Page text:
Hong Kong’s Hang Seng index was among the worst performers for the day, losing 0.7%, while the Taiwan Weighted index lost 0.1%
Most Asian markets fell slightly on Friday amid concerns over rising COVID-19 cases in China, but were headed for weekly gains as dovish signals from the Federal Reserve boosted broader appetite for risk-driven assets.
Hong Kong’s Hang Seng index was among the worst performers for the day, losing 0.7%, while the Taiwan Weighted index lost 0.1%.
Chinese stocks rose on Friday, but the blue-chip Shanghai Shenzhen CSI 300 index was headed for a mild weekly loss as the country logged a record-high rise in daily COVID-19 infections.
The country introduced new lockdowns in several major cities, which also sparked some civil unrest in “iPhone City” Zhengzhou, which plays a key role in the technology supply chain.
Despite Friday’s gains, Chinese bourses were largely set to underperform their regional peers this week, as investors feared that renewed lockdown measures in China will once again hamper economic growth.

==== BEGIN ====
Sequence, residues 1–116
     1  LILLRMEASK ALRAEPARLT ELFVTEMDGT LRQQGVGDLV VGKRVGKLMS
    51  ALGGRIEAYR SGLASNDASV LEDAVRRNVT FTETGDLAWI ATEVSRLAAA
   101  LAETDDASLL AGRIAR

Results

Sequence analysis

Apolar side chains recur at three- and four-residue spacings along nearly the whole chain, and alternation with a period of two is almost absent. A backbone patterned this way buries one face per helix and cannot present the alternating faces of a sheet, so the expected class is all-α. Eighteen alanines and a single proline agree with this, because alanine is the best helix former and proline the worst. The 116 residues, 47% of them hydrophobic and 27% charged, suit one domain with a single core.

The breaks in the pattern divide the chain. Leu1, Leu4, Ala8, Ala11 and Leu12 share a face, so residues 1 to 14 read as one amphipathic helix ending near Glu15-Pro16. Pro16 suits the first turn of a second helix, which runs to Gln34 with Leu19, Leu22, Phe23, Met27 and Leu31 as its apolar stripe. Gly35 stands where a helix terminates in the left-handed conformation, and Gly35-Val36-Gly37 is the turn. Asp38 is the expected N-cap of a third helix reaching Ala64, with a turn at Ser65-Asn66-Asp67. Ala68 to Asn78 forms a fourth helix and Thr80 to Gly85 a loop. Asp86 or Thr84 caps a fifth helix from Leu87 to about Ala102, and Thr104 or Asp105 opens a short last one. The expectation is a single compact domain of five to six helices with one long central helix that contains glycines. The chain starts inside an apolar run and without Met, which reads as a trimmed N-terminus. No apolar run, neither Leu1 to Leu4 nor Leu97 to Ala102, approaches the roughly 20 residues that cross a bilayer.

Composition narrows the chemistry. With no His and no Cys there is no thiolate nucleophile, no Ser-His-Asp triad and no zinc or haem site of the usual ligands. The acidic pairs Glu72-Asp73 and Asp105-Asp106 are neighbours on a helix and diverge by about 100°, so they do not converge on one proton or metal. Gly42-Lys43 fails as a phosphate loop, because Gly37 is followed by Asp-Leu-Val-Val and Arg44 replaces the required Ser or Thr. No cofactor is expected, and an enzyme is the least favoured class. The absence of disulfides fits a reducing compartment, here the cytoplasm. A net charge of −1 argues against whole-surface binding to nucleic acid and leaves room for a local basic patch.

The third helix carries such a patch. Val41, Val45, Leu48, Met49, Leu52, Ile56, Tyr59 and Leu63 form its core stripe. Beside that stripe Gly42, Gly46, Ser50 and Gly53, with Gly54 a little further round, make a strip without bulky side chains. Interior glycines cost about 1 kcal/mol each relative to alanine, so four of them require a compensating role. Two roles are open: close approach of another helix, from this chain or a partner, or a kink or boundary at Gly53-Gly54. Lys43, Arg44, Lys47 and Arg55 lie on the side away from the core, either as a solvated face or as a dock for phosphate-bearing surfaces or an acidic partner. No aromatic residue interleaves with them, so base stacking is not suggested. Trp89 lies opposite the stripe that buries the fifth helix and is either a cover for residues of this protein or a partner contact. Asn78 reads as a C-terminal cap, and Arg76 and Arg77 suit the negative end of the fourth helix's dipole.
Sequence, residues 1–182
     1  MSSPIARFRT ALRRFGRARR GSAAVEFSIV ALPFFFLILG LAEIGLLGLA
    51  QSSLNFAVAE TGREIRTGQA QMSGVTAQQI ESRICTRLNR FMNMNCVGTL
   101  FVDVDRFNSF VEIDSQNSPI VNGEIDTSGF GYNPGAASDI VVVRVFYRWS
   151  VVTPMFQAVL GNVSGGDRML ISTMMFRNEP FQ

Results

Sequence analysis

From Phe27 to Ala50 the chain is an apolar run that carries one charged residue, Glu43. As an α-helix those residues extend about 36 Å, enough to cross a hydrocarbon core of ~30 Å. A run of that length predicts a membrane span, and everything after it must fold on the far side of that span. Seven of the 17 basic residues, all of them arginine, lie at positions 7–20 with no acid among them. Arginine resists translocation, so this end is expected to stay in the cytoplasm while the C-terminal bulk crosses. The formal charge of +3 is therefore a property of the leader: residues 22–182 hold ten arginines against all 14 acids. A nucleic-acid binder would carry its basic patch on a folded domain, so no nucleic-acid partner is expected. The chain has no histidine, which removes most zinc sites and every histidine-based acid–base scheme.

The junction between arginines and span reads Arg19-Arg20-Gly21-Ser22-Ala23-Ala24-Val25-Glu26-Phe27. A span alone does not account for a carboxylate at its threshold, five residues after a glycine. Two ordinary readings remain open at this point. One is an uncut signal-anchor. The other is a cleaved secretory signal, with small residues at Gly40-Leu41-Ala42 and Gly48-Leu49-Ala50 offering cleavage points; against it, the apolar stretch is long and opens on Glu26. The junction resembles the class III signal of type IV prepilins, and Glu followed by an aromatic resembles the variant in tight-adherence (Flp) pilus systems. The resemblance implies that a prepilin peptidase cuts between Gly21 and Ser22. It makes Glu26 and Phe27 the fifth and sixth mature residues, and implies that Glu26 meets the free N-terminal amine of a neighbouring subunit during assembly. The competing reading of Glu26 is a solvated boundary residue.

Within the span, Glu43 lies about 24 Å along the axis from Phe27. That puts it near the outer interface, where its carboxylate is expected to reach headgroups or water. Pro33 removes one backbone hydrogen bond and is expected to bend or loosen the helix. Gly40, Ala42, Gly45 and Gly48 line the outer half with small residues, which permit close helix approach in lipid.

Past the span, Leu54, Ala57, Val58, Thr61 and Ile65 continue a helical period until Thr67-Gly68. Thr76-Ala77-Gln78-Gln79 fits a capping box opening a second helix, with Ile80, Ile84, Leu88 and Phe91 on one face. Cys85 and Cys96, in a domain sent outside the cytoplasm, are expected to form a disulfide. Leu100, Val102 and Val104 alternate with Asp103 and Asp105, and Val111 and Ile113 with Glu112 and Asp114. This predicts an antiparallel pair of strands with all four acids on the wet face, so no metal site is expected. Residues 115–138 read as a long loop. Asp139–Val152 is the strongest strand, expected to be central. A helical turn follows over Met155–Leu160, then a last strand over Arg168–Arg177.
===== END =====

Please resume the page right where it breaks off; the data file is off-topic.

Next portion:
November’s PMI readings, due next week, are set to shine more light on China’s economy, with data from October already painting a dour picture for the fourth quarter.
Japan’s Nikkei 225 index fell 0.3% as rising inflation in the country’s capital heralded more economic headwinds for the country.
But the index was set to rise over 1% this week, buoyed by strength in technology stocks after the Federal Reserve signaled that it was considering raising interest rates at a slower pace.
The minutes of the Fed’s November meeting showed that a growing number of members supported a slower pace of rate hikes in order to gauge the economic impact of tightening monetary policy.
While Fed members are still uncertain over where U.S. rates will peak, the prospect of smaller rate hikes bodes positively for Asian stocks, which were battered by rising rates this year.
Southeast Asian stock markets were the best performers this week, as traders piled into heavily discounted, high-risk, and high-yield assets.